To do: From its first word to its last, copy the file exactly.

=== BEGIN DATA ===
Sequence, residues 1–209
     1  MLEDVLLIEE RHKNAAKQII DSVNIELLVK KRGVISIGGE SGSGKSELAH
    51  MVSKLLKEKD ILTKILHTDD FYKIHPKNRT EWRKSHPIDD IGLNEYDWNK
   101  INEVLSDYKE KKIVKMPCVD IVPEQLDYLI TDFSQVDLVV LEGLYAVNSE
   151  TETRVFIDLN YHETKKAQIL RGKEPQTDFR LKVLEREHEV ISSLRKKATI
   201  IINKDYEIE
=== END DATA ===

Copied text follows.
Sequence, residues 1–209
     1  MLEDVLLIEE RHKNAAKQII DSVNIELLVK KRGVISIGGE SGSGKSELAH
    51  MVSKLLKEKD ILTKILHTDD FYKIHPKNRT EWRKSHPIDD IGLNEYDWNK
   101  INEVLSDYKE KKIVKMPCVD IVPEQLDYLI TDFSQVDLVV LEGLYAVNSE
   151  TETRVFIDLN YHETKKAQIL RGKEPQTDFR LKVLEREHEV ISSLRKKATI
   201  IINKDYEIE